Oftentimes, creating a beautiful, thriving or edible landscape feels overwhelming and beyond our reach. We have tried numerous times to keep up on the work. We have to prune, deadhead, water, spread compost and any number of tasks to create a healthy landscape but even then the work is not done. We then have to maintain the plants as well: they become covered in pests and after all that work they fail or look poorly throughout the growing season. We double our efforts and try to keep the beds clean of debris, weeds and mulch that will bring in pests but the plants don’t thrive any better. So we either give up or increase our maintenance. Thankfully, there is another way to approach this situation, one that would solve many of the issues and reduce at least most of the maintenance issues. Two steps can help you make this possible and include arranging your landscape into separate functional spaces and choosing plants that fit into the description of permaculture.
But what is permaculture? Basically is it using nature to do all the heavy lifting for us. Sure, it might be impressive to have a beautiful Japanese garden in the middle of the desert, but wouldn't be easier to stick with how mother nature does it? Permaculture is where the plant choice and design try to take advantage of the natural ecosystem in your region.
Creating separate functional spaces helps us maintain each spaces more efficiently so we don’t become overwhelmed. Functional spaces would include vegetable area, play area, open lawn area, entertaining area, and storage areas. Separate these areas with flower beds, hedges, or even hardscape paths and walls. When you are working on maintaining the landscape, choose only one of the areas to focus on and work until finished. This system will make the work feel easier to accomplish thus reducing the overwhelmed feelings of maintenance. Side note, this also works when applied to the rest of your life :)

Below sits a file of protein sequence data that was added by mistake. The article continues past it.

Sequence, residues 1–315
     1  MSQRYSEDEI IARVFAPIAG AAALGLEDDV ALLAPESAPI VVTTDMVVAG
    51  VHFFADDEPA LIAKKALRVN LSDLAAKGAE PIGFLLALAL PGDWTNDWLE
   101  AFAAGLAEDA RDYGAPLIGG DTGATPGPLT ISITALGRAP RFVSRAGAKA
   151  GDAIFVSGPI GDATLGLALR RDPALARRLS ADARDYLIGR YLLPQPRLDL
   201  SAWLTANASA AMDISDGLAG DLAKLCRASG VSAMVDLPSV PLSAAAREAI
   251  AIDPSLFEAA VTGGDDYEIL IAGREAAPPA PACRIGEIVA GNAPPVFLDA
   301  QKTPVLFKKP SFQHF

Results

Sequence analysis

Actually reducing maintenance, at least on the pest side would include planting permaculture type plants. These plants will help bring in the 99% percent of beneficial insects into your yard. These then will eat and therefore maintain healthy levels of the 1% of harmful insects that often attack our landscape each year. To keep the beneficial insects in your landscape, you need to create habitat for them with plants that have nectar, provide protection, means of reproduction and winter protection. Just like humans, bugs need homes where they can help create an ecosystem in your landscape, one that can potentially self-sustain the pest levels in your landscape. The beneficial insects will eat the harmful insects as well as feed on the nectar of the plants. They will help with pollination and improve the health of many other plants in the landscape. They can also increase curb appeal in your landscape, especially if they are clustered together in patterns or functional spaces as discussed in the previous paragraph. Some of these plants include rudbeckia, liatris, echinacea, agastache, monarda, and any number of herbs.
Surprisingly, creating a bug-filled landscape can actually help reduce your pest levels and therefore, maintenance in general. Keeping a wintering grounds for these insects can shift some of the fall and winter maintenance to spring, but it will make the end result better. You will not want to cut down your perennials for the winter but in the spring after the bugs are awake. Creating a self-sustaining garden and well organized landscape will lower your maintenance levels overall and increase curb appeal. This approach also leads to lower maintenance with hardscape paths and flower beds between areas so the workload for each area is more manageable. All of this will result in a much healthier and more beautiful outdoor space.